For far too many Western experts what really matters is the Russian feelings. Everything else, what Ukrainians, Poles, Moldovans, Balts, Georgians, Armenians may think, is much less significant, because it’s just the feeling of “others,” subaltern subjects, unworthy of the dignity of actors, at best reacting victims of an orientalist interpretation of history that Westerners apply far too often to their Eastern European neighbors.
The disproportionate attention for Russia’s feelings, the solidarity for the Russian “tragedy” of losing its empire and the insensitivity to other peoples’ priorities become possible only if one places the Russian nation in a hierarchically superior position, applying the orientalist misconception that only a former power can have the dignity of an actor. European colonialists saw the East as a mere object they could play with. Pro-Russian commentators see Eastern Europe in the same way: Russia can do as it pleases, for this is seen as part of the natural geopolitical order.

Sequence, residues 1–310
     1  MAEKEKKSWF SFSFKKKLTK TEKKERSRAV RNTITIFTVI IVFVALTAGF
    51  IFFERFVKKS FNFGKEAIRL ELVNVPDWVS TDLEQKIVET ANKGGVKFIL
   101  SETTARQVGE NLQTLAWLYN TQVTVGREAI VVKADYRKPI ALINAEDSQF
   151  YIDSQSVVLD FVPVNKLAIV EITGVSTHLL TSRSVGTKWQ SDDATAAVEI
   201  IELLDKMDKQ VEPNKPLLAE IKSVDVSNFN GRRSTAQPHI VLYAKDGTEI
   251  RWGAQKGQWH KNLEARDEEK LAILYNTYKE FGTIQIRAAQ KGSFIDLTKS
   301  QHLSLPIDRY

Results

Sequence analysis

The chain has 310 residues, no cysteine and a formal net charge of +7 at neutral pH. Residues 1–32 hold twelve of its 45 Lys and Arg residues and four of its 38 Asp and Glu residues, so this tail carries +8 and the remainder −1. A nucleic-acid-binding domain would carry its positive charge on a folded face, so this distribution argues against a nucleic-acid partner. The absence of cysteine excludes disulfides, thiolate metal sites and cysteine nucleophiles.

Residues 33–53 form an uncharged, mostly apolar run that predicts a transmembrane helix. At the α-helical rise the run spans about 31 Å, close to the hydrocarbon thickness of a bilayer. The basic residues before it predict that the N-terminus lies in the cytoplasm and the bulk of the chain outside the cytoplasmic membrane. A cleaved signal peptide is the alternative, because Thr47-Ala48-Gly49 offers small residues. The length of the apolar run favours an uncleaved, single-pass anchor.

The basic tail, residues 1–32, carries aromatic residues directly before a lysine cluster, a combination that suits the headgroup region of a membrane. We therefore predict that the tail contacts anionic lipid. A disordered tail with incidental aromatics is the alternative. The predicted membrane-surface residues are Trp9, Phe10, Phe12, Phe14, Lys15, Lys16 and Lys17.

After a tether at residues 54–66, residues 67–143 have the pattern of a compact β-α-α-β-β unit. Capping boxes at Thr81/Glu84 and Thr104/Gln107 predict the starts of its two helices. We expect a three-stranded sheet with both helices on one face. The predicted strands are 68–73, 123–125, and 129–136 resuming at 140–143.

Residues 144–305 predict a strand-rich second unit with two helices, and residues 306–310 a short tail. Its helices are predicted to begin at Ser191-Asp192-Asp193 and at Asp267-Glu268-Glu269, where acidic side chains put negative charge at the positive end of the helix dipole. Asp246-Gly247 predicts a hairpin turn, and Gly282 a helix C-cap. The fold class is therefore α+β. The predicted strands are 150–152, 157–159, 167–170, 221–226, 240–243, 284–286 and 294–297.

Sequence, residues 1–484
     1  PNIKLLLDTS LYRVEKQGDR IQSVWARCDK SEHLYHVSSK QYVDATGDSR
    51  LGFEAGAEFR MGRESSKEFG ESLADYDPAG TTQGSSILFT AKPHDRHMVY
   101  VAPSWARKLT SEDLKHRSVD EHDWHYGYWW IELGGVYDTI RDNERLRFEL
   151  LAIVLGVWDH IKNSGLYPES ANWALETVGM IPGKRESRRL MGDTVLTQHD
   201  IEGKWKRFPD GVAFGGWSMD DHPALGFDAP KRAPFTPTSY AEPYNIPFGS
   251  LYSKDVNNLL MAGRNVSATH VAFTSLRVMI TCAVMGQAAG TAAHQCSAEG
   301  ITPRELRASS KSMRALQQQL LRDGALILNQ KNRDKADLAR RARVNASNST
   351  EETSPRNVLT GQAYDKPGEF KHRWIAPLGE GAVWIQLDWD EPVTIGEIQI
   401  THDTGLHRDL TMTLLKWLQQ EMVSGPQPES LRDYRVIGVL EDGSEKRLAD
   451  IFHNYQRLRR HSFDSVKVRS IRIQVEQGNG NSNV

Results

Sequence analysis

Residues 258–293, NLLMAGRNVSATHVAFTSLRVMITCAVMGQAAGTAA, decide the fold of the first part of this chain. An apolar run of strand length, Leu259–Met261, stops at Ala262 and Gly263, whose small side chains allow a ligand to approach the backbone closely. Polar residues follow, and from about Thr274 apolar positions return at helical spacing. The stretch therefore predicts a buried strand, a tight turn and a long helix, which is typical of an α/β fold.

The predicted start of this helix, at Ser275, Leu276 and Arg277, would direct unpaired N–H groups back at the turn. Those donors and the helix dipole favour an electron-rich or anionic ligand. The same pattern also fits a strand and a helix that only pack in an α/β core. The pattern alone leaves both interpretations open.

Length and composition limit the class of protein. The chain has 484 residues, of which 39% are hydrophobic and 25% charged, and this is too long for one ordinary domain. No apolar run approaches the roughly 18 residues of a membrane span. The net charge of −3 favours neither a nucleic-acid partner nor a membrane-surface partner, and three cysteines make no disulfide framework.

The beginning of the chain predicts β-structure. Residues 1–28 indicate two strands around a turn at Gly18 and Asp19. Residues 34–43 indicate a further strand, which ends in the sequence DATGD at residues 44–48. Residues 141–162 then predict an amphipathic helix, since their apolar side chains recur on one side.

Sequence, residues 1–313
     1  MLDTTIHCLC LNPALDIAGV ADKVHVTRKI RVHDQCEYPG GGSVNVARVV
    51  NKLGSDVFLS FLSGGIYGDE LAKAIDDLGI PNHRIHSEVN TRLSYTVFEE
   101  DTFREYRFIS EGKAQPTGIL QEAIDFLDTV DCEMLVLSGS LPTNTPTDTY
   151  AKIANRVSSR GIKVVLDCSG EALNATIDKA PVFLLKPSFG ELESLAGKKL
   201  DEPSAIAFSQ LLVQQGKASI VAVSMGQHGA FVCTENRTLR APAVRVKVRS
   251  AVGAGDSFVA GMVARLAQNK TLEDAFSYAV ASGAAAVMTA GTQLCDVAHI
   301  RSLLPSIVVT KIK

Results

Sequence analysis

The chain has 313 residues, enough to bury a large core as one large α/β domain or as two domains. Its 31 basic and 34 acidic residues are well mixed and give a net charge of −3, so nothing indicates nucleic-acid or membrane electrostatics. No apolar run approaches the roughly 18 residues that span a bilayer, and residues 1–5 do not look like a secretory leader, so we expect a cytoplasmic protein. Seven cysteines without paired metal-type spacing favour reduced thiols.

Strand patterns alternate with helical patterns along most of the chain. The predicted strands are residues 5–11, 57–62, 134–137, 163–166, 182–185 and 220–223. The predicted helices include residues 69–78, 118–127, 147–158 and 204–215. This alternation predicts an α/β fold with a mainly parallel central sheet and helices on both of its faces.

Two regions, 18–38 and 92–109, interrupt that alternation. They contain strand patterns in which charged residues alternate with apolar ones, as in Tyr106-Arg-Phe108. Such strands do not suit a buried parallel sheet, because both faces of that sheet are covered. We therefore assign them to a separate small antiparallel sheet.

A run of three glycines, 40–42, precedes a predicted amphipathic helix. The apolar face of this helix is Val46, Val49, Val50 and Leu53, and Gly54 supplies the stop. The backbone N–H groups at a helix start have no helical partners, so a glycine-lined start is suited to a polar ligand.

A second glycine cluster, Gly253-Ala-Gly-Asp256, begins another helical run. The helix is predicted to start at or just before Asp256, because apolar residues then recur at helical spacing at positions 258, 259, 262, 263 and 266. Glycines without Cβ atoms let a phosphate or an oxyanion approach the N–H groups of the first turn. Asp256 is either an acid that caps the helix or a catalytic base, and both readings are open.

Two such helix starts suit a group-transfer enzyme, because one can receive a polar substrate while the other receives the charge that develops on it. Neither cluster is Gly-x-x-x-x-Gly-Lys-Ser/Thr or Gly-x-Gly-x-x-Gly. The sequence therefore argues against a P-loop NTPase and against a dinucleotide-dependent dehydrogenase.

Eastern Europe as a dummy: incapable of action?
Pro-Russian commentators’ orientalist thinking emerges in the way they portray Ukraine as a country incapable of action on its own initiative. They invariably see Eastern European countries as objects manipulated by the West. This follows what was described above: if Russia is seen as the only state worth of the dignity of “actor” and Eastern Europe as a passive, hierarchically subordinated object, it’s then inevitable that any independent action by any Eastern European state must be the result of a Western interference.